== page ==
When Does a Car Appeal a Case?

The law can seem odd. Earlier this month, a 1999 Lexus (the one carrying Minnesota license plate 851LDV and VIN JT6HF10U6X0079461, to be specific) filed an appeal to the Minnesota Court of Appeals. Confused? Let us explain. For the most part, courts exercise what’s called in personam jurisdiction, or their power over people or organizations. However, there is a concept called in rem jurisdiction, which is power that a court has over a piece of property. When a case is based on in rem jurisdiction, … Continued

An Obvious Pattern at the Minnesota Court of Appeals

Decisions by the Minnesota Court of Appeals are released every Monday at 10:00 AM on the nose. Yesterday (because Monday was Memorial Day), three-judge panels of the Court of Appeals issued decisions in 25 cases: three published decisions, 18 unpublished opinions, and four order opinions. The cases being appealed came from all over the state. Some cases decided involve weighty issues of the separation of powers of government that are almost certain to be ultimately decided by the Minnesota Supreme Court, … Continued

Lopez Expands Burglary to the Breaking Point

Monday mornings mean Minnesota Court of Appeals decisions. Yesterday morning the Court of Appeals released three published decisions, including two in criminal cases. Both are interesting, but the more meaningful of the two is State of Minnesota v. Lionel Lopez, A16-0947. The facts are not complex: Mr. Lopez was staying in a motel in Willmar when he walked into Z.D.’s unlocked room, took Z.D.’s cell phone and wallet while Z.D. was in the shower, and went back to his own room. Mr. … Continued

Aaron Hernandez Is Not Guilty – of Anything

Aaron Hernandez, the former New England Patriots tight end turned convicted murderer, was found dead this morning in his prison cell in Massachusetts. Just a few days ago, he had been acquitted on a second set of murder charges.   Under Massachusetts law, Aaron Hernandez is now not guilty – even of the charge on which he was convicted. In Minnesota, he would (probably) be entitled to the same outcome. Confused? Massachusetts law provides for a doctrine called abatement ab initio. … Continued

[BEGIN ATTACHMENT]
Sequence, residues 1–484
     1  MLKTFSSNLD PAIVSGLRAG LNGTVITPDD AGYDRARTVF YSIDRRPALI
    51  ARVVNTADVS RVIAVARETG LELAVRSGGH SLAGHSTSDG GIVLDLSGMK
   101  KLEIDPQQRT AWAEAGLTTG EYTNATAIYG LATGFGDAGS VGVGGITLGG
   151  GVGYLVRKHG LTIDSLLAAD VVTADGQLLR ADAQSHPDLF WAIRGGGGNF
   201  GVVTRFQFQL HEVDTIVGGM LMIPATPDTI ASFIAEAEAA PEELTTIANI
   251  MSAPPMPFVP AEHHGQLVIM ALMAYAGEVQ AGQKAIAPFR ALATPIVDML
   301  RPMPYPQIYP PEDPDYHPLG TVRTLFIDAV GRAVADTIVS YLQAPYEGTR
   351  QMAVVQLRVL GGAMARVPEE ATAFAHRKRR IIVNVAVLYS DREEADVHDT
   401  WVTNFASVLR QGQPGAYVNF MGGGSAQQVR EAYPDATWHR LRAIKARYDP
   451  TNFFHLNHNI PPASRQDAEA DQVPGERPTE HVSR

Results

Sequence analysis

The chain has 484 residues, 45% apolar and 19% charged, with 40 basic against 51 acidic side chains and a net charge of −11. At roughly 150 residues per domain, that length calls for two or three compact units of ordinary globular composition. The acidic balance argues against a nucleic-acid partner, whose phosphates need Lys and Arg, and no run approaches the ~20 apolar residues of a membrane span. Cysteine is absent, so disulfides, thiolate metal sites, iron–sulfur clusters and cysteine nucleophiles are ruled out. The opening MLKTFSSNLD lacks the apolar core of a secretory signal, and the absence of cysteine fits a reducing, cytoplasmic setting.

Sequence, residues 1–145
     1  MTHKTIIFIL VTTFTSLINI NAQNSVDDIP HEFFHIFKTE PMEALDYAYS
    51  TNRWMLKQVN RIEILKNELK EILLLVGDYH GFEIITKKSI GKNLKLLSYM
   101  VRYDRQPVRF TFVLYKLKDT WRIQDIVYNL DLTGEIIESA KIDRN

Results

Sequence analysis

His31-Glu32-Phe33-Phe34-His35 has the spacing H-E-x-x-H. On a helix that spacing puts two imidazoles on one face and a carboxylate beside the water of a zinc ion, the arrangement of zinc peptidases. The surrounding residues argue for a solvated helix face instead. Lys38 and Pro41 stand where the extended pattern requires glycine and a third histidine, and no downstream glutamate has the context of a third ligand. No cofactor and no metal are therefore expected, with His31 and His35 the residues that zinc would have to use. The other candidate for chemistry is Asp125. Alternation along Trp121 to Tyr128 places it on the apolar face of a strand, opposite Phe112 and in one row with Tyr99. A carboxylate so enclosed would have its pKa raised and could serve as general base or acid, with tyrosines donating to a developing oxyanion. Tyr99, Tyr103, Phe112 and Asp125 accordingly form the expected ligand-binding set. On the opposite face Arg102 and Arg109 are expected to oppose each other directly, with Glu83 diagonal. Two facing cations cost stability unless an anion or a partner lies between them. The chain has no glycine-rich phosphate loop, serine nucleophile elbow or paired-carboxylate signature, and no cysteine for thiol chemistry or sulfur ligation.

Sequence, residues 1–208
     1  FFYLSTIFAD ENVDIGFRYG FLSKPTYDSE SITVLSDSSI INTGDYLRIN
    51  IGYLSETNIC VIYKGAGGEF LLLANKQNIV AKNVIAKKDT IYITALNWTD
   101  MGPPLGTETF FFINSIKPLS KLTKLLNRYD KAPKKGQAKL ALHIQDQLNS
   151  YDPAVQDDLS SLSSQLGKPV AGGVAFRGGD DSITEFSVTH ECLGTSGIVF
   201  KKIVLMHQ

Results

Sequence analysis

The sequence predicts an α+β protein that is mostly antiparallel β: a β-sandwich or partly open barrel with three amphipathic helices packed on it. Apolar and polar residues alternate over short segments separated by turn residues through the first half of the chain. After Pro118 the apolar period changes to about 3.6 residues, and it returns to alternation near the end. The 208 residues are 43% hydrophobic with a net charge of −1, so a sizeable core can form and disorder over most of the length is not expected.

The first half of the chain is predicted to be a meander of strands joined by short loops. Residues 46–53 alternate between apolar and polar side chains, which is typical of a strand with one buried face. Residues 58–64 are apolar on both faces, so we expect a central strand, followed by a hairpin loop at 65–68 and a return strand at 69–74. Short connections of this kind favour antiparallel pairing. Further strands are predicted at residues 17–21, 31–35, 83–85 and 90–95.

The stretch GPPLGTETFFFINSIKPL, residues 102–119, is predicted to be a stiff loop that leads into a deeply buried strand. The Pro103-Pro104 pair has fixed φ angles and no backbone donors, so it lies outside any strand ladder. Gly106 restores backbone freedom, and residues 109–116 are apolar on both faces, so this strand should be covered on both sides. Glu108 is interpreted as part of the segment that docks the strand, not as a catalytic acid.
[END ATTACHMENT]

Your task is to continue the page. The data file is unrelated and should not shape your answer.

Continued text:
The Little Things Matter

You may have been following the criminal case against Jeronimo Yanez – he’s the St. Anthony police officer who shot and killed Philando Castile during a traffic stop last year. Yesterday, his attorneys asked the Minnesota Court of Appeals to reverse the Ramsey County District Court’s decision not to move Yanez’s trial to a different county. You can find the document, a petition for a writ of mandamus, here. I’m not familiar enough with the case to be able to opine … Continued

David Liebow Admitted to Practice Before the United States Court of Appeals for the Eighth Circuit

We’re excited to announce that David Liebow has been admitted to practice before the United States Court of Appeals for the Eighth Circuit! The Eighth Circuit is the federal court of appeals covering Arkansas, Iowa, Minnesota, Missouri, Nebraska, North Dakota, and South Dakota. The court is based in St. Louis, Missouri and also has a location in St. Paul, Minnesota at which it regularly hears cases. David is also admitted to practice before the Minnesota Supreme Court (and all other … Continued

State v. S.A.M. Video

We came, we saw, and we argued. It was a great experience and I’m already looking forward to the next one. You can take a look at the video and tell us what you think.

To the Supreme Court We Go!

This morning I’ll be arguing State v. S.A.M. before the Minnesota Supreme Court. S.A.M. is the first case under Minnesota’s new expungement law to be decided by the Minnesota Court of Appeals and now to reach the Minnesota Supreme Court. Back in 2005, my client, S.A.M. (expungement appeals are decided using initials only), pleaded guilty to aiding/abetting second-degree burglary. He was granted a stay of imposition, a disposition in which a conviction is entered, no sentence is imposed, probation is ordered, and if the stay … Continued